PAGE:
Raspberry Pi, a $35 fully-functional desktop computer about the size of a credit card, is currently enjoying a high level of buzz, popularity, and media exposure. Librarians are, of course, also getting in on the action. I have been working with a Raspberry Pi to act as a low-power web server for a project delivering media-rich web content for museum exhibits in places without access to the internet. I’ve found working with the little Linux machine to be a lot of fun and I’m very excited about doing more with Raspberry Pi. However, as with many things librarians get excited about, it can be difficult to see through the enthusiasm to the core of the issue. Is the appeal of these cute little computers universal or niche? Do I need a Raspberry Pi in order to offer core services to my patrons? In other words: do we all need to run out and buy a Raspberry Pi, are they of interest to a certain niche of librarians, or are Raspberry Pi just the next library technology fad and soon to go the way of offering reference service in Second Life? 1 To help us answer this question, I’d like to take a moment to explain what a Raspberry Pi device is, speculate who will be interested in one, provide examples of some library projects that use Raspberry Pi, and offer a shopping list for those who want to get started.
What is Raspberry Pi
From the FAQ at raspberrypi.org:
The Raspberry Pi is a credit-card sized computer that plugs into your TV and a keyboard. It’s a capable little PC which can be used for many of the things that your desktop PC does, like spreadsheets, word-processing and games. It also plays high-definition video. We want to see it being used by kids all over the world to learn programming.
This description from Raspberry Pi covers the basics. (H2G2 has a more detailed history of the project.) A Raspberry Pi (also known as a Raspi, or an RPi) is a small and inexpensive computer designed to extend technology education to young students who don’t currently have access to more expensive traditional computers. The Raspberry Pi project counteracts a movement away from general-purpose computing devices and toward internet appliances and mobile devices. The Pew Internet and American Life Project notes that: “smartphone owners, young adults, minorities, those with no college experience, and those with lower household income levels are more likely than other groups to say that their phone is their main source of internet access.2 Access to the internet today is pervasive and less expensive than ever before, but also more likely to come from an appliance or mobile device and without the programming tools and command-line control that were standard for previous generations of computer users. This means a smaller percentage of computer users are likely to pick up these skills on their own. Raspberry Pi offers a very-low cost solution to this lack of access to programming and command-line tools.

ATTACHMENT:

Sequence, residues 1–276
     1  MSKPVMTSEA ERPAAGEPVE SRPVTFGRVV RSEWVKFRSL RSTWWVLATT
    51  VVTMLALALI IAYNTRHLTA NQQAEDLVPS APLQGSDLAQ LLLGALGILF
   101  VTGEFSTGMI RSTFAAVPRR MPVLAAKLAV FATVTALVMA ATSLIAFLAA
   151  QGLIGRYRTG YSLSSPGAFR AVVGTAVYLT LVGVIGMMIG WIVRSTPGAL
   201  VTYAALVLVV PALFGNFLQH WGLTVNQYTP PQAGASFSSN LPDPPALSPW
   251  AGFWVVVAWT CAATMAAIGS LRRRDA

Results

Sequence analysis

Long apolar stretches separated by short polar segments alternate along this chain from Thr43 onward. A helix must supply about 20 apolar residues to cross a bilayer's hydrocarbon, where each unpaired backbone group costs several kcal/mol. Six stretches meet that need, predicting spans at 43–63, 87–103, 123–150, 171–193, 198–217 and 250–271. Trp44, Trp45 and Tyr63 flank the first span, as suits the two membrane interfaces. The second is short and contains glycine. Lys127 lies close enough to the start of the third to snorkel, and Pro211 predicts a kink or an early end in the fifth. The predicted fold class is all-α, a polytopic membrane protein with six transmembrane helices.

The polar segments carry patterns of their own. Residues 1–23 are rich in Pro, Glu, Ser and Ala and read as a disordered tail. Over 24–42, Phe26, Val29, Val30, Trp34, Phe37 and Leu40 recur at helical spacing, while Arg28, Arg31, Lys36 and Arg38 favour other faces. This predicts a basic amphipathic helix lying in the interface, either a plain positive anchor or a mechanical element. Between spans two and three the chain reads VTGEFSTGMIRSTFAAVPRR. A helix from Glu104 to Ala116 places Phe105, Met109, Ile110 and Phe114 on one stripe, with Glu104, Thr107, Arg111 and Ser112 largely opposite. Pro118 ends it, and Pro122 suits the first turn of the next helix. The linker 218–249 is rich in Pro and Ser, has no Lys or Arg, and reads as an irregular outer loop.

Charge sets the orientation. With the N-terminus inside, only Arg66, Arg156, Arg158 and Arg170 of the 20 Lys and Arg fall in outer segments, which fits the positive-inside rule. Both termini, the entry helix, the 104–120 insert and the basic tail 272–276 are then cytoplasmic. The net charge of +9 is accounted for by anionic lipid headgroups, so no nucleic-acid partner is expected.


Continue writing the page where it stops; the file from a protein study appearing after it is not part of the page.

In addition to the stated goal of the Raspberry Pi organization, a lot of adults who already have access to technology are also very excited about the possibilities enabled by the small and cheap computing platform. What sets the Raspberry Pi apart from other computers is its combination of small size and low price. While you can do very similar things with a re-purposed or salvaged computer system running Linux, the Raspberry Pi is much smaller and uses less power. Similarly, you can do some of these things with a similarly-sized smart-phone, but those are much more expensive than a Raspberry Pi. For the technology hobbyist and amateur mad scientist, the Raspberry Pi seems to hit a sweet spot on both physical size and cost of entry.